Photo illustration of an art gallery wall with a print of the Mona Lisa, overlaid with binary code.

So what is an NFT and what can you do with one?

Find out why this crypto-asset is making headlines and whether it’s just a passing fad

Photo illustration of an art gallery wall with a print of the Mona Lisa, overlaid with binary code.NFTs provide a secure means of protecting and asserting ownership over a digital asset (Getty Images)

Non-fungible tokens (NFTs) have recently taken the crypto-asset world by storm. Where the internet was at first difficult to monetize in its original inception, this digitized valuable has carried monetization to the opposite extreme, while making it a collectible.

Huge sale prices reflect the uniqueness of the expanding product marketplace, where digital assets can be bought and sold just like physical collectibles. Headline-grabbing NFT sales include the first tweet from Twitter’s CEO Jack Dorsey selling for more than $2.9 million and an NFT video highlight of Lebron James netting $200,000 on the NBA digital trading card platform Top Shot

But what exactly does this all mean? 


NFTs are tokens that represent ownership of any asset and are bought and sold on the blockchain on which they are minted. 

When you own a valuable item such as a car or a piece of art, there is often some type of proof, says Andreas Park, associate professor of finance at the University of Toronto. In the case of a car, this would be your vehicle ownership document. NFTs are no different—except for the form this proof of ownership takes and where it is located.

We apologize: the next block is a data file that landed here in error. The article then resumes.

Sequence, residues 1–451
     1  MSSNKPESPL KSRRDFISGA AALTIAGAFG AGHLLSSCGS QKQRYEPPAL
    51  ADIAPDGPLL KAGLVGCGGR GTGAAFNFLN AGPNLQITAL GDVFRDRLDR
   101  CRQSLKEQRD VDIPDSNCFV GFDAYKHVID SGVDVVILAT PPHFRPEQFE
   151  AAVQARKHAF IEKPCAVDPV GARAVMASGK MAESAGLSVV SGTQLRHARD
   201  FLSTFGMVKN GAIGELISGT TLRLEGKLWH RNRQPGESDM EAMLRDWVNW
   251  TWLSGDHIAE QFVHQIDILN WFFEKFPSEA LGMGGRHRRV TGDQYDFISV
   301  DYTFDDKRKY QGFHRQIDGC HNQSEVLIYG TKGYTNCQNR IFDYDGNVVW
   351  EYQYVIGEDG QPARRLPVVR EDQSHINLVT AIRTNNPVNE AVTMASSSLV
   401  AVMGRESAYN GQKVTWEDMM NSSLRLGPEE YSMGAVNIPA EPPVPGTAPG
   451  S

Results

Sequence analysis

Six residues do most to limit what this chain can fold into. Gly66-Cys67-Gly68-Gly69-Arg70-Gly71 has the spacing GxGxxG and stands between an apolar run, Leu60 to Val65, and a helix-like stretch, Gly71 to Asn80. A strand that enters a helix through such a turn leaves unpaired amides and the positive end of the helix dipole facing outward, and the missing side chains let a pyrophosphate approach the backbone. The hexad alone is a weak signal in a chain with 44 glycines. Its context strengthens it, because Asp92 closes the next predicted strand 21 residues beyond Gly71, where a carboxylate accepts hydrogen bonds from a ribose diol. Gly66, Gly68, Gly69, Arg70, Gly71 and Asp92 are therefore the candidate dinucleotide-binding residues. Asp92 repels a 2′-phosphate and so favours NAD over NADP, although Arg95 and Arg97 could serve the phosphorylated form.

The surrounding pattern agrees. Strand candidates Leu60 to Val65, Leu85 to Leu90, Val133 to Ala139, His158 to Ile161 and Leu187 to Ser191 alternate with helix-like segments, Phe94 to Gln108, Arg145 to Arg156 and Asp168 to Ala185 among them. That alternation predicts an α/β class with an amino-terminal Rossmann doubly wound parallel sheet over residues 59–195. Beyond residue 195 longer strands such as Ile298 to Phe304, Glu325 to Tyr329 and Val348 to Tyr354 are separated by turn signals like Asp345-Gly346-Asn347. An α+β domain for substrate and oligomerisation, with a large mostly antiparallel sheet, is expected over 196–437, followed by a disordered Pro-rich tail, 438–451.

“[An NFT is] a digital ownership certificate agreement,” he says. “It’s literally just an entry in the blockchain, which is unique.” 

NFTs can represent any intangible item, such as a video, a digital collectible, a piece of music, a video game skin (an add-on that customizes the appearance of a gaming character) and more. “NFTs are exactly the same as physical objects,” says  Aws Al-Hasani, fintech consultant and co-founder of Auxiun, an in-game transactions company based in Montreal. “But one you can hold in your hand, the other one is virtual.”

Hrish Lotlikar, co-founder and owner of Superworld, an augmented reality company, has a similar explanation. “While these products may not be real in the way we traditionally consider reality, or physical reality, they are very real in that people spend money to own them,” he says. 


At the heart of an NFT is the notion of fungible versus non-fungible. A fungible item has the same value as another item: it can be exchanged because the value is equal. For example, Bitcoins are fungible because one Bitcoin is exchangeable for another Bitcoin. 

Non-fungible items, on the other hand, are not interchangeable with other items because they have unique properties. “Non-fungible means they’re unique, like [original] pieces of art, that cannot be duplicated,” says Al-Hasani. 


Each NFT comes with its own unique contract, the terms of which are often stipulated by the content creator. If the creator retains the rights to the NFT, they can receive royalties each time the NFT changes ownership. Or, in the case of Dorsey’s first tweet, he signed and verified the NFT, like a virtual autograph forever imprinting the digital asset with a mark of his identity. And, in so doing, he likely increased its value.